Disciplined Agile

Core Developer Skills: Principles

Knowing the qualities that define the nature of the code that you seek is useful, but we also need to know the underlying principles that will, most reliably, lead us to those qualities. Principles help to keep us aligned with qualities when unusual, unforeseen, and unfamiliar problems arise. Principles are general guidance about creating good software; there is no “end” to following a principle, you could always “do more,” but in following them generally we find that everything gets incrementally easier to change, scale, and extend.

This article offers some principles that should be followed when creating software.

Encapsulate by Policy, Reveal by Need

Design is about making decisions. Once such decision is often “should I encapsulate this, or not?” We make this decision in the full knowledge that we may be making it incorrectly.

However, it becomes quickly clear that:

  • If we encapsulate something, and then subsequently realize we should not have encapsulated it, revealing it at that point does not create serious maintenance issues.
  • If we fail to encapsulate something, and then subsequently realize we should have encapsulated it, then once we make it hidden, we will possibly have to revisit all those parts of the system that were designed to refer to it, and re-design them to resolve the issue some other way. This often produces a huge amount of maintenance (technical debt).

Put another way, it is always easier to remove encapsulation from an existing system than to add it.

Therefore, being “over-encapsulated” is a much stronger position than being “under-encapsulated.”

The Open-Closed Principle

When designing systems, we prefer to leave them “open for extension,” but “closed to modification.”

Ivar Jacobsen says, “All systems change during their life cycles. This must be borne in mind when developing systems expected to last longer than the first version.” 

Bertrand Myer says, “Software entities (classes, modules, functions, etc.) should be open for extension, but closed for modification.”

Another way of saying this is,

“In design, try to set things up so that when new requirements are added, we can accommodate them by adding a new class, method, or other entity, while leaving the existing classes, methods, and so on, just as they are.” 

This is an acknowledgement that adding new code is less risky and wasteful than modifying existing code.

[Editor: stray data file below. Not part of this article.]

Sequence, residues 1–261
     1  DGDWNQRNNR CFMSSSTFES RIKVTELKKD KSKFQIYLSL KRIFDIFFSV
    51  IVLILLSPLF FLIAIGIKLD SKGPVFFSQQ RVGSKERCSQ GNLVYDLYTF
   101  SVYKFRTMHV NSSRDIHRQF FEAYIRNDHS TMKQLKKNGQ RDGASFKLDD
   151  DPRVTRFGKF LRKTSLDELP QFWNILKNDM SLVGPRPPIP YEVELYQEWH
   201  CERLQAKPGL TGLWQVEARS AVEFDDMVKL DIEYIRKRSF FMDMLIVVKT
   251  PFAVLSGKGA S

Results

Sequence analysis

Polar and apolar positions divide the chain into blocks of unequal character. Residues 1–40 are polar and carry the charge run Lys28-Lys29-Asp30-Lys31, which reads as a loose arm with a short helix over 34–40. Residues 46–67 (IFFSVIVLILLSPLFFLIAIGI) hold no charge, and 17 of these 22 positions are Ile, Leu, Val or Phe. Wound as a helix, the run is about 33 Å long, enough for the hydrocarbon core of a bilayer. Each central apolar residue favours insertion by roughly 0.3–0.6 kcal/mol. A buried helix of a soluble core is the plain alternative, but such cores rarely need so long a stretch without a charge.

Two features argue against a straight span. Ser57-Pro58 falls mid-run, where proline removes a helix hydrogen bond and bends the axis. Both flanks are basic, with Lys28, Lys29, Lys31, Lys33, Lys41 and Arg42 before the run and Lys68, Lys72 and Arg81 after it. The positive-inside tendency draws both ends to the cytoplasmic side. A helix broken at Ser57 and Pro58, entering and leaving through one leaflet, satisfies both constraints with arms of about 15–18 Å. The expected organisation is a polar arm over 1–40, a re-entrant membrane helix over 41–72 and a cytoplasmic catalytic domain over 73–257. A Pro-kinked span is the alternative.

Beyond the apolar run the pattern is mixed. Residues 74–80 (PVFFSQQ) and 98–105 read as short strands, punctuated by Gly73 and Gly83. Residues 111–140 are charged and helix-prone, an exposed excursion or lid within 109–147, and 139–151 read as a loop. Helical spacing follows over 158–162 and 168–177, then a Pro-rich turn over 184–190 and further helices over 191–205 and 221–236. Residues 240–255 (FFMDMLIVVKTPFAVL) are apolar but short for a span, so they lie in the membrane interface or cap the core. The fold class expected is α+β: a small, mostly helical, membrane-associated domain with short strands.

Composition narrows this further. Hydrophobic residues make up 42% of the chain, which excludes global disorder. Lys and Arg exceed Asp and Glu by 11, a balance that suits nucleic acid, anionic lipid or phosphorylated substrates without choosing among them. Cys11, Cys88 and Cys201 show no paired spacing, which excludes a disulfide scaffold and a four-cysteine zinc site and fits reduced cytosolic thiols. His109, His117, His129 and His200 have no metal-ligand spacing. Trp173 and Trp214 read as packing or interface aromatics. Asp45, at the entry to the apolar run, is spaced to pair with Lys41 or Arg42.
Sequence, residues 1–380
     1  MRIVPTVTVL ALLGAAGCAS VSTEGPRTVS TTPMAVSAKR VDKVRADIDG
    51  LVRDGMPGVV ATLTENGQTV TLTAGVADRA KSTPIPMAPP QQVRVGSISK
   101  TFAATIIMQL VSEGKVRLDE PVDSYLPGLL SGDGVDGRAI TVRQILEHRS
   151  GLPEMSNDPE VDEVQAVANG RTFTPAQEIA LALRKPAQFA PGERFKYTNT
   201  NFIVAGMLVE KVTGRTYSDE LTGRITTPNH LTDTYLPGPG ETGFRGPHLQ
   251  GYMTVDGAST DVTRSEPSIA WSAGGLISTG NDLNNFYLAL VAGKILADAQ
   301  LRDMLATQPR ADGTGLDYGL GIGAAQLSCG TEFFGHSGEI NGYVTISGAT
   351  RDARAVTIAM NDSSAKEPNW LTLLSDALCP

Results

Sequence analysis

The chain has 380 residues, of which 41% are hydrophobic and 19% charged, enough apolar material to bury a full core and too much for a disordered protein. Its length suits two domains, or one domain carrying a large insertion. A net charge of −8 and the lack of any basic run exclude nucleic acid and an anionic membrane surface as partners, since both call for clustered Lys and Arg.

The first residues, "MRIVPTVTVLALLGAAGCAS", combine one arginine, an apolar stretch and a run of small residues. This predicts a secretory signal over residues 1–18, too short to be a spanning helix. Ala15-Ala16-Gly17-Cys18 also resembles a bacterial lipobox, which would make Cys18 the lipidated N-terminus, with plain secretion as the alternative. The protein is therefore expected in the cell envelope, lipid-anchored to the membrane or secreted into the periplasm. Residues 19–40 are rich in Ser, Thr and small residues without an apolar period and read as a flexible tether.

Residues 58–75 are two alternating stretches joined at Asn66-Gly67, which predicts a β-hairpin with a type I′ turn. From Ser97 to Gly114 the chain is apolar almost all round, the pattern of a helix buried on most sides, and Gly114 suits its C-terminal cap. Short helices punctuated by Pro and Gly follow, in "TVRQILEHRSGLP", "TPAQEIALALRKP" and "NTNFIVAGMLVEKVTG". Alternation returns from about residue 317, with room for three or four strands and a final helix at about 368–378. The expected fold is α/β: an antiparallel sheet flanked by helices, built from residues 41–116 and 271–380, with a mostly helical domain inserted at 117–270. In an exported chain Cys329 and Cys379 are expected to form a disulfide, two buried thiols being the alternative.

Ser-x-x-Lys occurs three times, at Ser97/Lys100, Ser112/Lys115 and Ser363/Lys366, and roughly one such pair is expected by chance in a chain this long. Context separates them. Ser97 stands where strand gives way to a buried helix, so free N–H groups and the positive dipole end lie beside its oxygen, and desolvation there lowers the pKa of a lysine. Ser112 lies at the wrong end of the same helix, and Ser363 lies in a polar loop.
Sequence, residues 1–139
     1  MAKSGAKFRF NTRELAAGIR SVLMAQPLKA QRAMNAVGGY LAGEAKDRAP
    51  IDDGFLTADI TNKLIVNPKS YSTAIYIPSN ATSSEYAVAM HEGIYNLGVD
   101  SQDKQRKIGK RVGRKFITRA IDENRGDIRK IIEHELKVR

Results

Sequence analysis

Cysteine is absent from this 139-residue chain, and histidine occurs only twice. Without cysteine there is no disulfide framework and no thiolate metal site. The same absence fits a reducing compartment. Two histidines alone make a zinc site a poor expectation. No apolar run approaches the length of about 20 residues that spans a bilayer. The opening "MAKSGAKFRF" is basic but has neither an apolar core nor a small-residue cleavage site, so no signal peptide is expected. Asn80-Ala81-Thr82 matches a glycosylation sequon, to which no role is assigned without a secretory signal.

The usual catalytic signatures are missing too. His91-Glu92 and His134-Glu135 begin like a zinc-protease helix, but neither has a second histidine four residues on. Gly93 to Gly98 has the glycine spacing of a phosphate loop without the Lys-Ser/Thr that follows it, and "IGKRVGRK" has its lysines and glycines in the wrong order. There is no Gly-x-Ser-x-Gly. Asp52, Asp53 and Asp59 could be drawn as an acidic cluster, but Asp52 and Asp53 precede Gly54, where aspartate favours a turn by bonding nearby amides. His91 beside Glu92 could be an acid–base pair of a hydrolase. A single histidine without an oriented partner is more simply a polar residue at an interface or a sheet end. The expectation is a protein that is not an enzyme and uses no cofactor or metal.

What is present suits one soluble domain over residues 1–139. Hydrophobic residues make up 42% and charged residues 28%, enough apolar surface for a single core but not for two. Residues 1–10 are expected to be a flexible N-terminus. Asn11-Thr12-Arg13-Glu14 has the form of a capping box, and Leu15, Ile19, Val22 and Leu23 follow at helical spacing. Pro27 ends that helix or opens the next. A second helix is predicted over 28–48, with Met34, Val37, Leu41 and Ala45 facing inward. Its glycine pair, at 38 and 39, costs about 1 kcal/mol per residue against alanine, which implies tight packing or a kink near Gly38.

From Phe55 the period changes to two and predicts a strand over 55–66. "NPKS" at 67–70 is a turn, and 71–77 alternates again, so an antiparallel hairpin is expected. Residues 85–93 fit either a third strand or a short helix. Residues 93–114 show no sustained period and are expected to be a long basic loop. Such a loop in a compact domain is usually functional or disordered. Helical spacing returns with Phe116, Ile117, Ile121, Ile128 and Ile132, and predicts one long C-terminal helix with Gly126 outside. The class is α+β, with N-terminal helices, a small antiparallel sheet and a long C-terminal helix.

This is normally expressed as a point of view that influences up-front design decisions, but in fact can also guide the emergence of a design through refactoring.

Separate Use from Construction

Good design introduces layers of separation between entities. For example, we often seek to separate what is likely to change from that which is not. When we separate concerns in design, we also promote strong cohesion, because the resulting entities do fewer things for themselves.

Consider separating those entities that are “users” of other entities (often called “clients”) from the builders, or instantiators of those same entities. The user of an entity is vulnerable to changes in its interface but can be abstractly coupled to its type. The builder of an entity must be coupled to its type, but not its interface.

If using object-oriented programming, then the proper use of object-orientation and encapsulation means that we never have to find more than one thing when a change is required.

The Single Responsibility Principle

Creating long-term value in software is all about responding to change. Systems that mix multiple responsibilities into a single entity create difficulties because:

Entities are hard to name in a way that reveals everything they do Entities are hard to test because all combinations of their different responsibilities have to be tested Systems are poorly encapsulated because within an object encapsulation is not enforced by the compiler.

Therefore, each entity (typically class) in a system should have a single responsibility, and everything it contains should be related to it. 

May 2023